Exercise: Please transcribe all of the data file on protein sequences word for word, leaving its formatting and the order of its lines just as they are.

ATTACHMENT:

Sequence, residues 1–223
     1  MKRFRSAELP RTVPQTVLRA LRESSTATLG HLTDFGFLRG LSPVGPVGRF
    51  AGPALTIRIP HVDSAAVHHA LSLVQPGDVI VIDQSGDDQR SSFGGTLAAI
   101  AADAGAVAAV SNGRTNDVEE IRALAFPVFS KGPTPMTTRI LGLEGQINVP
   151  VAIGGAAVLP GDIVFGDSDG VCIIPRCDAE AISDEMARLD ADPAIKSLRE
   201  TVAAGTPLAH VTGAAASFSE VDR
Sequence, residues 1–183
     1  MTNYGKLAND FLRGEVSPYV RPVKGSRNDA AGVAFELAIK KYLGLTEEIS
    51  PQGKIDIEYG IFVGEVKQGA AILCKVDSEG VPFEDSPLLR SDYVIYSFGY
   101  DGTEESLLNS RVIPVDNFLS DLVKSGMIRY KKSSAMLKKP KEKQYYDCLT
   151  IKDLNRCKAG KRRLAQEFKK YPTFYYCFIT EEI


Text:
Sequence, residues 1–223
     1  MKRFRSAELP RTVPQTVLRA LRESSTATLG HLTDFGFLRG LSPVGPVGRF
    51  AGPALTIRIP HVDSAAVHHA LSLVQPGDVI VIDQSGDDQR SSFGGTLAAI
   101  AADAGAVAAV SNGRTNDVEE IRALAFPVFS KGPTPMTTRI LGLEGQINVP
   151  VAIGGAAVLP GDIVFGDSDG VCIIPRCDAE AISDEMARLD ADPAIKSLRE
   201  TVAAGTPLAH VTGAAASFSE VDR
Sequence, residues 1–183
     1  MTNYGKLAND FLRGEVSPYV RPVKGSRNDA AGVAFELAIK KYLGLTEEIS
    51  PQGKIDIEYG IFVGEVKQGA AILCKVDSEG VPFEDSPLLR SDYVIYSFGY
   101  DGTEESLLNS RVIPVDNFLS DLVKSGMIRY KKSSAMLKKP KEKQYYDCLT
   151  IKDLNRCKAG KRRLAQEFKK YPTFYYCFIT EEI